On September 24, 2012, about the 15:30 CST hour (that’s 3:30PM), I posted the following consideration to my social media/facebook page, with the following NPR story link:
Do you think the reason SAT reading scores are crap is because incessant and spastic social media updates have — and without anyone really noticing it — replaced taking the time to detach from said social media for hours on end and read solid literature at length? Yes, I’m posting this question on social media. Thoughts? Here’s the NPR link.
Social media and personal friends were kind enough to offer thoughtful responses. The first came in from Robert K. Kurtz, Marine Corps veteran of the First Gulf War. Unless he is talking about earth homes and the history of earth homes, Kurtz is often brief and to the point.
yes…… nuff said.
The second response came in from Bill Caraher, who is a colleague, friend, mentor, tangent-reciprocator (and I mean that in a good way), and associate professor of history at the University of North Dakota. Caraher said:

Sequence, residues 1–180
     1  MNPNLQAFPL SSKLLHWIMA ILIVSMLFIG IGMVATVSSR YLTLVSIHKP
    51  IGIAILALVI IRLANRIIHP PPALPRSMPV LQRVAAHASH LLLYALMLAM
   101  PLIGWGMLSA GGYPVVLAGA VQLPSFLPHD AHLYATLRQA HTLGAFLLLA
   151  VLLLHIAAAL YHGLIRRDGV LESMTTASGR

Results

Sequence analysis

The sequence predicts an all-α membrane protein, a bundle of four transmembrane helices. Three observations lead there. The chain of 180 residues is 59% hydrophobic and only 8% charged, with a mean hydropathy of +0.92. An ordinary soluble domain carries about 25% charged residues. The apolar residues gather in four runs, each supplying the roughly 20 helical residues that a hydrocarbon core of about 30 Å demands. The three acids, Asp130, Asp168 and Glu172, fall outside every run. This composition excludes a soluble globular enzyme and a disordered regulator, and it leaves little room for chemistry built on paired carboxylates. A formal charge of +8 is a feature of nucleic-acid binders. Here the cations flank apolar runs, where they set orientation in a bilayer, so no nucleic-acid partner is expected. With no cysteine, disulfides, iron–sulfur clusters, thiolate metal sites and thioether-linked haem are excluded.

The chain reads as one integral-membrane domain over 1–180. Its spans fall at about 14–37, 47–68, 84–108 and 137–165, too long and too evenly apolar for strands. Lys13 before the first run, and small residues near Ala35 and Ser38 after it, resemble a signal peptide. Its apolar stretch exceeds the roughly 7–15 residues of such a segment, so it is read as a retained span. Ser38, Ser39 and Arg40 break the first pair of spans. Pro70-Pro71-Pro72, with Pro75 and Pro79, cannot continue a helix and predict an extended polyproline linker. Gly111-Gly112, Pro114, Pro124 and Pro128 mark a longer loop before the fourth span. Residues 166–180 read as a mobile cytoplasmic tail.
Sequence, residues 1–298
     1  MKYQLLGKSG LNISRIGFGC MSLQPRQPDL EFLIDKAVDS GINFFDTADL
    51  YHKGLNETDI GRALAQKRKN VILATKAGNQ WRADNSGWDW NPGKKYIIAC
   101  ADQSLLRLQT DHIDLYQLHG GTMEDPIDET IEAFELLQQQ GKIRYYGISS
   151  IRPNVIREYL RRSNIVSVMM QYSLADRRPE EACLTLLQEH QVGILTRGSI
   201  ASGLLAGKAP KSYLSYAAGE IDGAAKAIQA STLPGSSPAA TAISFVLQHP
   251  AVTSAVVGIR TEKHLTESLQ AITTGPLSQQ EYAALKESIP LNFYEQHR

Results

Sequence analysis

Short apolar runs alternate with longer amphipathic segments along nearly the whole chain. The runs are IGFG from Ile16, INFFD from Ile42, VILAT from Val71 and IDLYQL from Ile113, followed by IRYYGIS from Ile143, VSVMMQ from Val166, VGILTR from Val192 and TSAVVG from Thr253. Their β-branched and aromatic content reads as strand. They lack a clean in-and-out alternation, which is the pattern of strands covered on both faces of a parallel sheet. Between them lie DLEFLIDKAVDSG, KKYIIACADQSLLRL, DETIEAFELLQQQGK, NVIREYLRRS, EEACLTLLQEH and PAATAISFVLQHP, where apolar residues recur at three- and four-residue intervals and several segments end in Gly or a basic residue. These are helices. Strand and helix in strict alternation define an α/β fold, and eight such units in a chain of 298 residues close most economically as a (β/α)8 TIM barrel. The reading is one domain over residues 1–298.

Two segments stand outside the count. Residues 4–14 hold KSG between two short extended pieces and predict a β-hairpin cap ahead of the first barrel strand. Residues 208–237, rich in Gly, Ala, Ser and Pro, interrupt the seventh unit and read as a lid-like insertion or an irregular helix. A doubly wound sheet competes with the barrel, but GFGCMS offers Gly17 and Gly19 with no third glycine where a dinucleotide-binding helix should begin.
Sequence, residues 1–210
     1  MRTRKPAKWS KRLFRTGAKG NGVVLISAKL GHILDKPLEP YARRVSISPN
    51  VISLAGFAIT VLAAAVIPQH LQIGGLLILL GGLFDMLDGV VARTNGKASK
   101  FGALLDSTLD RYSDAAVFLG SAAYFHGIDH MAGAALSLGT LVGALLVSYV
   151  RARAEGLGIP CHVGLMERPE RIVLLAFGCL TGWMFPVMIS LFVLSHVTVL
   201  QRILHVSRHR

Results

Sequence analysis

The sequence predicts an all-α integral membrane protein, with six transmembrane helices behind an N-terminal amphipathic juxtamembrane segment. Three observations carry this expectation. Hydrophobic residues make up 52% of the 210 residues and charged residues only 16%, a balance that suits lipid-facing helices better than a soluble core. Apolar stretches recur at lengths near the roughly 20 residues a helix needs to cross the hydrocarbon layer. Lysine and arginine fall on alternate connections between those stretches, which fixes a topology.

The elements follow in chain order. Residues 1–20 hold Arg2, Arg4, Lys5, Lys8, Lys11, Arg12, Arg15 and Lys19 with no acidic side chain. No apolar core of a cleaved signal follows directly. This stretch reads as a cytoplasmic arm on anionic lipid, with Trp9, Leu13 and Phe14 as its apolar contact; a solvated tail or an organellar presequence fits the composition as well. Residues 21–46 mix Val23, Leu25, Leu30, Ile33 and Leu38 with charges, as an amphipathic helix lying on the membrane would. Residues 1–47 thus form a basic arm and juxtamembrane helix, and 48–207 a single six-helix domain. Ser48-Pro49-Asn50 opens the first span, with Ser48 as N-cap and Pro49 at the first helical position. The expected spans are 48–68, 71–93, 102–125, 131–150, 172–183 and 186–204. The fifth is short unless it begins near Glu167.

Yeah, we forget that for most of human history people didn’t read and when they did, they read in short blasts excerpting seemingly relevant passages from densely nuanced (and largely ignored) texts.
We’ve romanced the idea of solitary, sustained, silent reading and tried to somehow normalize it. As someone who does a good bit of it, I think this is just silly. And the historical precedents for this behavior are temporally pretty shallow.
Social media engages people in their communities, in the world of texts (albeit short ones), and in the life of the mind, and the sooner people get over their turn of the (20th century) notions of intellectualism (and elitism) the better.
Caraher raises a good point, at least hinting at the idea of literacy today and literacy in the pre-Industrial world. At no point in human history has the planet been so populated, and at no point have we lived so long (which, in the evolutionary-biological sense is why we get cancer, since the cells in our body have yet to figure out a way to live this long).